Original French: Eurus a viſité Zephire.
Modern French: Eurus a visité Zephire.
Veteres quattuor omnino servavere per totidem mundi partes (ideo nec Homerus plures nominat) hebeti, ut mox iudicatum est, ratione; secuta aetas octo addidit nimis subtili atque concisa. proximis inter utramque media placuit ad brevem ex numerosa additis quattuor. sunt ergo bini in quattuor caeli partibus: ab oriente aequinoctiali Subsolanus, ab oriente brumali Volturnus (illum Apelioten, hunc Graeci Eurum appellant); a meridie Auster et ab occasu brumali Africus (Notum et Liba nominant); ab occasu aequinoctiali Favonius, ab occasu solstitiali Corus (Zephyrum et Argesten vocant); a septentrionibus Septentrio, interque eum et exortum solstitialem Aquilo (Aparctias et Boreas).
The ancients noticed four winds in all, corresponding to the four quarters of the world (this is the reason why even Homer mentions no more)—a dull-witted system, as it was soon afterwards considered; the following age added eight—this system on the other hand was too subtle and meticulous. Their successors adopted a compromise, adding to the short list four winds from the long one. There are consequently two winds in each of the four quarters of the heaven: Subsolanus blowing from the equinoctial sunrise (E). and Vulturnus from the winter sunrise (S.E.)—the former designated by the Greeks Apeliotes, the latter Eurus; Auster from the sun at midday (S.) and Africus from the winter sunset (S.W.)—named in Greek Notus and Libs; Favonius from the equinoctial sunset (W.), Corus from the sunset at the solstice (N.W.)—these the Greeks call Zephyr and Argestes; Septentrio from the North and Aquilo between him and sunrise at the solstice (N.E.)—called in Greek Aparctias and Boreas.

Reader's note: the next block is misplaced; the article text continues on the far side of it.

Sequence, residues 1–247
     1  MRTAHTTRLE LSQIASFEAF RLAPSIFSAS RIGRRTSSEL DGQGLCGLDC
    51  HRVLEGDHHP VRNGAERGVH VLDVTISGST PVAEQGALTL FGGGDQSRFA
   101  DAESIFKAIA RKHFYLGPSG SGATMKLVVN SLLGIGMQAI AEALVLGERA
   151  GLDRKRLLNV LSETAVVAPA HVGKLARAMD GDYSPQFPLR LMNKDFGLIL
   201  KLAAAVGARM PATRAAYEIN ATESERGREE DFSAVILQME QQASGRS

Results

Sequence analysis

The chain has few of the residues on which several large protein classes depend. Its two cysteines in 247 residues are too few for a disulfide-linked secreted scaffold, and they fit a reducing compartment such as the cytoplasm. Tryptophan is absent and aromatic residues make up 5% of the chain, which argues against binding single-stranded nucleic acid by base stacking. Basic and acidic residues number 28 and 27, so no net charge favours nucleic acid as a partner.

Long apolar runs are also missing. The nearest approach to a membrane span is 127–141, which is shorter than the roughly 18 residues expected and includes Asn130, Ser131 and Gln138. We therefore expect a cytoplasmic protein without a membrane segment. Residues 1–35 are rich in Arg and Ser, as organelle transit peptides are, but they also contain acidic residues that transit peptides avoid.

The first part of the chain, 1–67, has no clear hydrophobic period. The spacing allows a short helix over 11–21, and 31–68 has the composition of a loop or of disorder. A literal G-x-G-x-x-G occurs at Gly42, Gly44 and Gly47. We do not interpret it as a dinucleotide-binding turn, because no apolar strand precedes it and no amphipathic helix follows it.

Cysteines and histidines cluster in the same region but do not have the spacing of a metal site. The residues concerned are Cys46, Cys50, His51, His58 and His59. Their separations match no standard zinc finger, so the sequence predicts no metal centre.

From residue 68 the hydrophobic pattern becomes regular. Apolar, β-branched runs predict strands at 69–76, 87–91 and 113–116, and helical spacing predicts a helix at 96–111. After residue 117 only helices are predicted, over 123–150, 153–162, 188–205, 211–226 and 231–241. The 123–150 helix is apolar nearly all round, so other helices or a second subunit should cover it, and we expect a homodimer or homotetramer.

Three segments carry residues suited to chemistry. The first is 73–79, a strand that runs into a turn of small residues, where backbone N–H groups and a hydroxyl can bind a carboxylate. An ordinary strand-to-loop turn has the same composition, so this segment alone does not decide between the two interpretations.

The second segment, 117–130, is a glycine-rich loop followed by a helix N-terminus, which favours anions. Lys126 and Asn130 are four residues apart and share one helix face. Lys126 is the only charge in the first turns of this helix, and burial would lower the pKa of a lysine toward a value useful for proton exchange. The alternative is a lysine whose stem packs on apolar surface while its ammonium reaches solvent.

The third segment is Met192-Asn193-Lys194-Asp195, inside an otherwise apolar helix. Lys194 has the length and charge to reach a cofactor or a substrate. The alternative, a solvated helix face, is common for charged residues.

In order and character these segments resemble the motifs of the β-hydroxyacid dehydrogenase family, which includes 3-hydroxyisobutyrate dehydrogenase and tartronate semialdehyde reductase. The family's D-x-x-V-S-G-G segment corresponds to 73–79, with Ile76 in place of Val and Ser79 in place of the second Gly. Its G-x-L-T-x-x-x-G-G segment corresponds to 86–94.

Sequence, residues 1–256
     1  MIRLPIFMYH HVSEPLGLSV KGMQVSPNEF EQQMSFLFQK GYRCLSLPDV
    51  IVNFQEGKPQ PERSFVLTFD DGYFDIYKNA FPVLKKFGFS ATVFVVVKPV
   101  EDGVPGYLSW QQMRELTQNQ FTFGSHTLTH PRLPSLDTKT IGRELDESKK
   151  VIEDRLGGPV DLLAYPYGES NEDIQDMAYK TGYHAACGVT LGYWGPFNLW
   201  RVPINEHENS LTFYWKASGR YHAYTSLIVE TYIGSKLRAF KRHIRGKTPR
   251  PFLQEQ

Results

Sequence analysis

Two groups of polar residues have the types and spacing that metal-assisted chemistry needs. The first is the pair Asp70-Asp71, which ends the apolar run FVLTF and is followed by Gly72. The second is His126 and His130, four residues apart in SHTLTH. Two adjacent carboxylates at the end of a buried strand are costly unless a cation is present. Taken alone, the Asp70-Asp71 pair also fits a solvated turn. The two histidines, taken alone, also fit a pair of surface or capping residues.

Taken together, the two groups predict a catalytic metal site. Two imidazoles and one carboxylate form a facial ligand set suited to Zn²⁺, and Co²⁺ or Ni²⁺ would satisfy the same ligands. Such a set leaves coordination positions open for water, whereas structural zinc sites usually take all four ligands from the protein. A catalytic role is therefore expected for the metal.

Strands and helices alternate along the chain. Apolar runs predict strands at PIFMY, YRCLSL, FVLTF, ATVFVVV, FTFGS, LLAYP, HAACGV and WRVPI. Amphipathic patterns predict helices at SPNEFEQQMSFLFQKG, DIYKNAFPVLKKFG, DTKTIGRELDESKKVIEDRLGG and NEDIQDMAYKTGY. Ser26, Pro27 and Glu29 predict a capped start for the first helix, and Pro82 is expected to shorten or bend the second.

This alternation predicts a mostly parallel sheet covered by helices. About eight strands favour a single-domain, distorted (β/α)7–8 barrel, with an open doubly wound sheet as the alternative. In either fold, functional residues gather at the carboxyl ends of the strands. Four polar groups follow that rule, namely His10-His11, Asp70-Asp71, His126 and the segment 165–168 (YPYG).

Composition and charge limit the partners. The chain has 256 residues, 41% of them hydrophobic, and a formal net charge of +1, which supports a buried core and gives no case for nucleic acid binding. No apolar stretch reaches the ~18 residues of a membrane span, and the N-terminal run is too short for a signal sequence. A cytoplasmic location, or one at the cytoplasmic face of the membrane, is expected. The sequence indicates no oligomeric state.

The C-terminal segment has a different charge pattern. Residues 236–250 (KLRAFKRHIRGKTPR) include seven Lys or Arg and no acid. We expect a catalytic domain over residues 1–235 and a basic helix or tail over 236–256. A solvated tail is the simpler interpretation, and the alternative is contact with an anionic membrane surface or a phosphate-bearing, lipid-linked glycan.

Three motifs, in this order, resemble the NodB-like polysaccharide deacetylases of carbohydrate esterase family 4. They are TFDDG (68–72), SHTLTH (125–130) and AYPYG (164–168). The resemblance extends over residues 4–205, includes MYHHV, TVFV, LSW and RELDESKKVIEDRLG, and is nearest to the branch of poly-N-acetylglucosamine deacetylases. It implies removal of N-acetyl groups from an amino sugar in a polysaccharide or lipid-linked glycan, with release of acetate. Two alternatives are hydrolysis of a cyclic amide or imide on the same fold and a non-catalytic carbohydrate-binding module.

The Natural History. Volume 1: Books 1 – 2
Harris Rackham [1868–1944], translator
Cambridge, Massachusetts: Harvard University Press, 1938
Loeb Classical Library
Boreas, Auster, Eurus, Zephire
Boreas et Auster désignent le nord et le sud; Eurus et Zéphyre, l’est et l’ouest.
Le Tiers Livre. Edition critique
Jean Céard, editor
Librarie Général Français, 1995
Boreas, Auster, Eurus, Zephire
Vents provenant des quatre points cardinaux.
p. 509, n.
Mireille Huchon, editor
Paris: Gallimard, 1994
Zephyros (or Zephyrus) was the god of the west wind, one of the four directional Anemoi (Wind-Gods). He was also the god of spring, husband of Khloris (Greenery), and father of Karpos (Fruit).
Zephyros’ most famous myth told the story of his rivalry with the god Apollon for the love of Hyakinthos. One day he spied the pair playing a game of quoits in a meadow, and in a jealous rage, struck the disc with a gust of wind, causing it to veer off course and strike the boy in the head, killing him instantly. Apollon in his grief, then transformed the dying boy into a larkspur flower.
Zephyros was portrayed in classical art as a handsome, winged youth. In Greek vase painting, the unlabelled figures of a winged god embracing a youth are sometimes identified as Zephyros and Hyakinthos, although other commentators interpret them as Eros (Love) with a generic youth. In Greco-Roman mosaic the god usually appears in the guise of spring personified carrying a basket of unripe fruit.